SCCC inclined towards bypassing Standard grade, but otherwise plumped for evolution rather than revolution. We then went into limbo, extended by a few months, while the Scottish Office unveiled with playful ambiguity its blueprint for the future, "Higher Still". For someone who had watched the debate unfold this was a remarkable document. Standard grade could be taken after all in S3, but without any change to its nature and therefore without any relevance to the mass of the population. Even for the independent schools the idea was a non-starter. Not to worry, the two-term dash would be addressed through the Advanced Higher, with the Higher retained only as a safety net to lure doubting pupils into upper secondary education. We asked whether Advanced Highers would be the sole currency for entry to prestige degree courses and whether the government perhaps would insist that Scots must have six years of secondary education before university. It soon became obvious that no such nettles would be grasped and that Higher Still would fail completely to solve the S6 problem. Indeed, every fundamental weakness of the Scottish "academic" stream - three exams in three years, the two-term dash, the aimless S6, the paucity of modern linguists - had been left untouched.

What about the 50 per cent ill-served by the status quo? Some specific components of Higher Still could profitably be implemented without delay, but in general I would argue that any true reform of upper secondary reform can only build from below, as the Howie Committee recognised when it strayed beyond its original terms of reference. It is inherently perverse to reform 16-18 while 5-14 reform is (fitfully and partially) reaching secondary education and before the logic of individual pathways has made its impact on the 14-16 curriculum in general and the Standard grade examination in particular. Last month I sent the SCCC our considered response to the consultation documents. We are as negative about the detail of Higher Still as we are doubtful of its premises.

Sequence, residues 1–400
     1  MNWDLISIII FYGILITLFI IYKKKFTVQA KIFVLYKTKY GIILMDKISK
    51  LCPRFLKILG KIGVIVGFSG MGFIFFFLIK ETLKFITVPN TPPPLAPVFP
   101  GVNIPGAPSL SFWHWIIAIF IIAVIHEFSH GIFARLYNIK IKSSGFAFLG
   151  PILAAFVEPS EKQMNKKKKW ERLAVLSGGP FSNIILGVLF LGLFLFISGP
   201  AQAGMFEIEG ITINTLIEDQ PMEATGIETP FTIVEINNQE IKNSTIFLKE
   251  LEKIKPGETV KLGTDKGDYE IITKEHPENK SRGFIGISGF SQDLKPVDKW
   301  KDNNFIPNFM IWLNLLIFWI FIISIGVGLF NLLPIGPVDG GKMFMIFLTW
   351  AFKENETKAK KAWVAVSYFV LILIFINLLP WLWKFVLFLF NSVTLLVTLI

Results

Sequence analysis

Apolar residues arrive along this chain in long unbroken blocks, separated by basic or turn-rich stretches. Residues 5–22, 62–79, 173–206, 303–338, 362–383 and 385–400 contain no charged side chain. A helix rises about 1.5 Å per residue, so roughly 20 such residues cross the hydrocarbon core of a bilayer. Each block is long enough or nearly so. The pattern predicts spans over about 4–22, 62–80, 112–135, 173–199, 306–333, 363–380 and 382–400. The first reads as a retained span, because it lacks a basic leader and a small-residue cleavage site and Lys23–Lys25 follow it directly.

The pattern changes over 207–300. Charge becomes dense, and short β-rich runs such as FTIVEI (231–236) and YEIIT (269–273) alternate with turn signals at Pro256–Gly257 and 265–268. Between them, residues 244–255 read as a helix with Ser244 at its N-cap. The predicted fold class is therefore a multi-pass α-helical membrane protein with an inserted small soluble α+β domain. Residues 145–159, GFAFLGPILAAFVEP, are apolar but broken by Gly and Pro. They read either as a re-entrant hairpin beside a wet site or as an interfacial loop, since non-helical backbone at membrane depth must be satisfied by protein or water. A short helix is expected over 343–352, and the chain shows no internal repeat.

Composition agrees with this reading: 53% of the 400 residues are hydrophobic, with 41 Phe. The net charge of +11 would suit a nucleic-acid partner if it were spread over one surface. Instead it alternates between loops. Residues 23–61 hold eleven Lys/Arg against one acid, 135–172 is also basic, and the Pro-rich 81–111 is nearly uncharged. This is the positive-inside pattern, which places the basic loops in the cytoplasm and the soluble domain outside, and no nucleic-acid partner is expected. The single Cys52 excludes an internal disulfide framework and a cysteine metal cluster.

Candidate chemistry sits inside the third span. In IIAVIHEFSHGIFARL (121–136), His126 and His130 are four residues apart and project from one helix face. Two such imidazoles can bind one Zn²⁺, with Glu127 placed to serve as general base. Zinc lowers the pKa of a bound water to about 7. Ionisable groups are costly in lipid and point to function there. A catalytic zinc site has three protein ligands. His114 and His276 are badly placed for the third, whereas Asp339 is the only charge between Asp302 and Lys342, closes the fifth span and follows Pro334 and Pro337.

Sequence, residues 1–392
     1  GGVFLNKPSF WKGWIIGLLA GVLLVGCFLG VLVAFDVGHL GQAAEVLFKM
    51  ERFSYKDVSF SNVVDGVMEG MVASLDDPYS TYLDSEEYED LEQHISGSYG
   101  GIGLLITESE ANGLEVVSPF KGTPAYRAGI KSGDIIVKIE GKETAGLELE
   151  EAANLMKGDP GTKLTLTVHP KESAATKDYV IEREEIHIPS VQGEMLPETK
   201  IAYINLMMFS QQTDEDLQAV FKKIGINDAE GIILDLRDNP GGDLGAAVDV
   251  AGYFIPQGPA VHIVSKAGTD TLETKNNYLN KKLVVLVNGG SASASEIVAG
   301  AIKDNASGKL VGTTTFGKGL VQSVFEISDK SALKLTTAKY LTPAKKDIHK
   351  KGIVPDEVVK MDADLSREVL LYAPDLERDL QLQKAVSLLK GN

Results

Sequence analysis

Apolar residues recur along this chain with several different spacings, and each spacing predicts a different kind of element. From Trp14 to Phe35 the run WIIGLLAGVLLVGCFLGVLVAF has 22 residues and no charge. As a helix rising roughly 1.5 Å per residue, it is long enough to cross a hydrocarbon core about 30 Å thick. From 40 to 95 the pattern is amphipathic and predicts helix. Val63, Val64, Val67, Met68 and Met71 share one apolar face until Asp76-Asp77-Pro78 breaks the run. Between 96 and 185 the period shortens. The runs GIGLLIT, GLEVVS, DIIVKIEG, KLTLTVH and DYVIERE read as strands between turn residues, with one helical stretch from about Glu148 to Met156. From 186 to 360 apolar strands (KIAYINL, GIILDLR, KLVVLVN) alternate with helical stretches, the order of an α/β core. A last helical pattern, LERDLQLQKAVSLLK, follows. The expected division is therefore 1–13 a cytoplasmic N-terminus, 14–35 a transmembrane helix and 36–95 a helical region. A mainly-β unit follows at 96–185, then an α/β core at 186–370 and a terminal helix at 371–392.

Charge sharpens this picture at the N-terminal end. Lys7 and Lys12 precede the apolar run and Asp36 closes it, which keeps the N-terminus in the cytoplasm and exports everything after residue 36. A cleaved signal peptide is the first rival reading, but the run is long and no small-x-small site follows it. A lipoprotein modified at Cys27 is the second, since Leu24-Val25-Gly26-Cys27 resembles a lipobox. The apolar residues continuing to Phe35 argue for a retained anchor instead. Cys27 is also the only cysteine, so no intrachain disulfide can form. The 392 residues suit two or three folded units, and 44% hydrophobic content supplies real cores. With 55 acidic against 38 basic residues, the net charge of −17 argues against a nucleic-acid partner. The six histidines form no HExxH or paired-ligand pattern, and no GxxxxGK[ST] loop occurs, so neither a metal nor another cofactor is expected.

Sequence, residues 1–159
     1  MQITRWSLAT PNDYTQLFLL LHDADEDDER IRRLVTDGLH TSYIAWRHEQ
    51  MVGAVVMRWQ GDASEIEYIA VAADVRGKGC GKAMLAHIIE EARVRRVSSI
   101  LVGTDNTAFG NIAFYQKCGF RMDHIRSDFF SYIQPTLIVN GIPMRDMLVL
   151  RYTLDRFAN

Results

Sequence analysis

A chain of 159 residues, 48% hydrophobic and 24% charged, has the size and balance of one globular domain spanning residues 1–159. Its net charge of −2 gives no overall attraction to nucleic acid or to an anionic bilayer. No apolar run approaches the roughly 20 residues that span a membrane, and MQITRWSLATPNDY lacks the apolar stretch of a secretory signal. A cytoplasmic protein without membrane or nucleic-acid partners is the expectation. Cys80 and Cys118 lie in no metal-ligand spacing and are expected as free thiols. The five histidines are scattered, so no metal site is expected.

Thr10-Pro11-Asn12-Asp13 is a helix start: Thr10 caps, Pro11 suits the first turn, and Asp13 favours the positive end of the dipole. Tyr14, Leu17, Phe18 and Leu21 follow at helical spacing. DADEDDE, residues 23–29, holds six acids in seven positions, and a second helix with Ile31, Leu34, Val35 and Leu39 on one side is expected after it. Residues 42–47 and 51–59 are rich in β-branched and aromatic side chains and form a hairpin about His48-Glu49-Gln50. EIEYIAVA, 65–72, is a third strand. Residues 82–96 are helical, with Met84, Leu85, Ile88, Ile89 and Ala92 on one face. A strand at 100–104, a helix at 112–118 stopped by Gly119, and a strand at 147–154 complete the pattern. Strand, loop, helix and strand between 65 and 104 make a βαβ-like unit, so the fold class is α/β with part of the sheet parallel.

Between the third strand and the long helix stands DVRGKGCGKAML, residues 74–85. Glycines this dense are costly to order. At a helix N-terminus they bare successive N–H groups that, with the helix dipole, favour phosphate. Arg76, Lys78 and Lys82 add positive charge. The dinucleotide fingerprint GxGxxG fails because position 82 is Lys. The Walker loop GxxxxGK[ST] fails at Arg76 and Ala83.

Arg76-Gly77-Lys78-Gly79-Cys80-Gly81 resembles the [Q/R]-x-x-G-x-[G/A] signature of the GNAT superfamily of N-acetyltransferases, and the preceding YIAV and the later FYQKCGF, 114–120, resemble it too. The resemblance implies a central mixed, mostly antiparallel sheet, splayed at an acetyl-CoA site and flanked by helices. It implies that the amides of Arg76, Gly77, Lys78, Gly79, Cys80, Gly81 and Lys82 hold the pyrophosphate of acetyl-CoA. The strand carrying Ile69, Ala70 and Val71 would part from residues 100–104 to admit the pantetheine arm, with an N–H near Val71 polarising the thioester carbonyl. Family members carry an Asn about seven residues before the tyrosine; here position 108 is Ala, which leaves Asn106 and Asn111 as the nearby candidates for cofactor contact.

The artificial division of Higher courses into 40 hour modules will foster within the two-year dash an even more acute tendency towards focused and over-didactic teaching. This will be accentuated, we fear, by the proposed increase in internal assessment. Together, these fashionable ideas are presumably responsible for making 120 hour courses last 160 hours. Valuable teaching time will certainly be wasted on the completion of modules and the preparation and fine-tuning of assessments. The staple diet of five Highers for the intelligent and able student will thereby be threatened and the greatest strength of Scottish upper secondary education, its breadth, imperilled.